Democrats and progressives are not asking for a lot. A realistic person will not expect a newspaper owned by a fortunate son to discard his birthright. But we do expect that the worst abuses of power be reported, and in this case they are being reported.

Wasatch Super-Block 

I'm pretty much in favor of this sort of thing, although the scale is pretty amazing.

When fully developed, the $1 billion project, spread over the equivalent of nine regular-sized city blocks, would include an office tower, an athletic club, an outdoor plaza with a fountain and perhaps even a grocery store.

The Utah developers who purchased most of the superblock a little more than two years ago showed new plans for the 10-acre site at a breakfast gathering held by the Bellevue Downtown Association.


The superblock is bordered by Northeast Eighth Street on the south, Northeast 10th Street on the north, 106th Avenue Northeast on the west and 108th Avenue Northeast on the east.

Most of the existing buildings on the superblock are aging single-story structures, with the exception of the two-story building along Northeast Eighth that houses several retail businesses, including the Thai Grill restaurant and International Maternity Factore.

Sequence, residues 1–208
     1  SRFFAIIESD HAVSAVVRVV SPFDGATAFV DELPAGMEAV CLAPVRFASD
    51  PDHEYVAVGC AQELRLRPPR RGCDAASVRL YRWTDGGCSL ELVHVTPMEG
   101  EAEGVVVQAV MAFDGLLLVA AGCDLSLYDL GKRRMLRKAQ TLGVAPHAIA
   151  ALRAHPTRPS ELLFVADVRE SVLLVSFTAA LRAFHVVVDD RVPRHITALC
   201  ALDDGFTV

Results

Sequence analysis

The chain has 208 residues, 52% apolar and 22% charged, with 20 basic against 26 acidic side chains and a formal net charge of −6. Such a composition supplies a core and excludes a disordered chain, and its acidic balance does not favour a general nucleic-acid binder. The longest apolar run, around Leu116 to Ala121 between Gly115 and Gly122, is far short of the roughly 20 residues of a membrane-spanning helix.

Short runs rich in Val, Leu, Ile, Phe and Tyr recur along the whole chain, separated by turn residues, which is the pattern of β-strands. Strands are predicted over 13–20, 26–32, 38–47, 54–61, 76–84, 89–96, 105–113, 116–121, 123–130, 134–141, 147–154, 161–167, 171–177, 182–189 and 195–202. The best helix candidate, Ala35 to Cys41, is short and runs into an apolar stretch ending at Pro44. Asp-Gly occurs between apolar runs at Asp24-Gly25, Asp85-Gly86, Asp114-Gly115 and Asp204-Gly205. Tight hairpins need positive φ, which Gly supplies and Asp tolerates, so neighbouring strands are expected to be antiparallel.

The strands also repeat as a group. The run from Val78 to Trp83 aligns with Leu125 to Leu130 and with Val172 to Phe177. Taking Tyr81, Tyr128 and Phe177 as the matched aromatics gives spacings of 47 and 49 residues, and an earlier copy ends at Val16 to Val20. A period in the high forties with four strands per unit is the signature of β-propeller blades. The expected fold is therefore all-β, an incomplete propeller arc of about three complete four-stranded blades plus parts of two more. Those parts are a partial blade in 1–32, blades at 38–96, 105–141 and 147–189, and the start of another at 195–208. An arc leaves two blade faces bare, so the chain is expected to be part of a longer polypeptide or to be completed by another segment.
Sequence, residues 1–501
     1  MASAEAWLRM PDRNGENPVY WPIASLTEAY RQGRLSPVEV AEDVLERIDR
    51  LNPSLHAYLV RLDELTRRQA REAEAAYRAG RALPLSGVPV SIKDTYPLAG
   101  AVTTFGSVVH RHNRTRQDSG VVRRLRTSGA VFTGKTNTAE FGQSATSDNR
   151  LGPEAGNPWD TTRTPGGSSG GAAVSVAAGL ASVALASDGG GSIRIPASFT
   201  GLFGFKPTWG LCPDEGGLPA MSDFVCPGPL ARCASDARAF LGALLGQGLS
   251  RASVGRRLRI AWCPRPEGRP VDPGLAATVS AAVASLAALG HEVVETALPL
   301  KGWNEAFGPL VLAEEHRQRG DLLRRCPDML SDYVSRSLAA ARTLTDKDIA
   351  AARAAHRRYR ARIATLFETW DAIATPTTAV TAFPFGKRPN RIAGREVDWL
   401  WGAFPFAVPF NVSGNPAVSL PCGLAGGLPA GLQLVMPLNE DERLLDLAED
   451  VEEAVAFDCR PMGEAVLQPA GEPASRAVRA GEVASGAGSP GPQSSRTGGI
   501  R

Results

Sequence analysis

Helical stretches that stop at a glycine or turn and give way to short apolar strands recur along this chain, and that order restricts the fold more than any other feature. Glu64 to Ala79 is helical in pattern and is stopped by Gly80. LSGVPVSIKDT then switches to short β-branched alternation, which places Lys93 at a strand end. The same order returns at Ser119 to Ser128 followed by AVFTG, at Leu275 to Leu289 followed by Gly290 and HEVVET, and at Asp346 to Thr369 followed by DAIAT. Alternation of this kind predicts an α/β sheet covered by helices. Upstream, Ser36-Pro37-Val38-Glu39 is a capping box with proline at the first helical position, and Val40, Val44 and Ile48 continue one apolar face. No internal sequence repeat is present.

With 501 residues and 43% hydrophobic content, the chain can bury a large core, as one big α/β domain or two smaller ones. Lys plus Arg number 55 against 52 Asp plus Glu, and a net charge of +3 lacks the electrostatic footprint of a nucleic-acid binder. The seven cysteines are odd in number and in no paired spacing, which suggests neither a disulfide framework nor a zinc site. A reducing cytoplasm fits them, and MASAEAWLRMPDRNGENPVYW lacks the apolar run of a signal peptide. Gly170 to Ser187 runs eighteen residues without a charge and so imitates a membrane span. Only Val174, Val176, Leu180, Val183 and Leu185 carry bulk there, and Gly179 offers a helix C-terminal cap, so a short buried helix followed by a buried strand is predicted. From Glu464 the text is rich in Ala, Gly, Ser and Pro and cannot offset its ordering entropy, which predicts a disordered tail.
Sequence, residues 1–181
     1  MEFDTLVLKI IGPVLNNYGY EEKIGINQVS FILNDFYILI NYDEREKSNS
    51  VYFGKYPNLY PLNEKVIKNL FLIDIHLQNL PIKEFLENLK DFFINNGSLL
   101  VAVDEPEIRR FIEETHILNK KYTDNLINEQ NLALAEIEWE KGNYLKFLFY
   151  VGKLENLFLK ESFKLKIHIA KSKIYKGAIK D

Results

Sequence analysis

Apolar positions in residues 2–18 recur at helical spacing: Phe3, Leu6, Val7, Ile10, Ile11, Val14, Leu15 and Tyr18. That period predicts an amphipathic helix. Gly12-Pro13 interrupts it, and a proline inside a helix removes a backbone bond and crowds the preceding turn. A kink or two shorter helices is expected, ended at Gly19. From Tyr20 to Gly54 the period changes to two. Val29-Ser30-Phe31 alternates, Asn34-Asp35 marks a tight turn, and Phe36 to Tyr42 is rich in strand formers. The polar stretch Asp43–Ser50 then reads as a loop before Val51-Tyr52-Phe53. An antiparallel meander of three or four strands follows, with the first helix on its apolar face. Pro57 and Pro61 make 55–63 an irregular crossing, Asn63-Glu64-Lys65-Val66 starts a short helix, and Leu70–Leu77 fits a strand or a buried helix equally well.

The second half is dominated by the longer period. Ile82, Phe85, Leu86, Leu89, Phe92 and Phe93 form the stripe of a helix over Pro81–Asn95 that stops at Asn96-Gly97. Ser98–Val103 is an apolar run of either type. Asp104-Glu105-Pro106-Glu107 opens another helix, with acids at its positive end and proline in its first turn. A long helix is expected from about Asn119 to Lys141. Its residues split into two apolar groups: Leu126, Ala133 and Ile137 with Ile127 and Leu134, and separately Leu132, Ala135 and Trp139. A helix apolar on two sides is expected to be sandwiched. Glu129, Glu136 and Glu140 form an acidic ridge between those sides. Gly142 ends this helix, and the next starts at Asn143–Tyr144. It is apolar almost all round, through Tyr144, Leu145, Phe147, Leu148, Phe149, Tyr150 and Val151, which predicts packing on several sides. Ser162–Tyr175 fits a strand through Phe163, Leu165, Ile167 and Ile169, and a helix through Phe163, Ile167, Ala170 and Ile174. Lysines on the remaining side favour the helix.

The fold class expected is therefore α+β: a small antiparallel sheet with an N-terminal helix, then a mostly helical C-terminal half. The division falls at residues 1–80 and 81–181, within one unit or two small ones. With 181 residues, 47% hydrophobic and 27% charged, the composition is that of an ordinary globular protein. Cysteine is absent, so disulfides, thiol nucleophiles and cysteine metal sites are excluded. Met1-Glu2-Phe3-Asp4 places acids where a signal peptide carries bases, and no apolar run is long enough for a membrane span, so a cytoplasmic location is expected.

Other businesses on the block include a Vietnamese restaurant, a check-cashing service and a nail salon.

Hansen said his company has no plans at this time to redevelop the portion of the superblock along Northeast Eighth Street, adding that any redevelopment of that property likely would be at least five years off.

Senator Cantwell Responds 

With what I assume is a form letter:

Dear Mr. Ballard:

Thank you for contacting me regarding the nomination of Justice Alberto Gonzales to the position of Attorney General of the United States. I appreciate hearing your views on this issue.

As you may know, the President nominates individuals to serve in his cabinet and it is the responsibility of the Senate to advise and consent on the suitability of those individuals to serve in the particular cabinet position for which they have been nominated. I intend to carefully observe and review the confirmation hearings and study the Judge Gonzales' record before arriving at my judgment. Primarily, I will seek to assess whether the nominee will enforce the laws of our nation in a balanced and fair manner.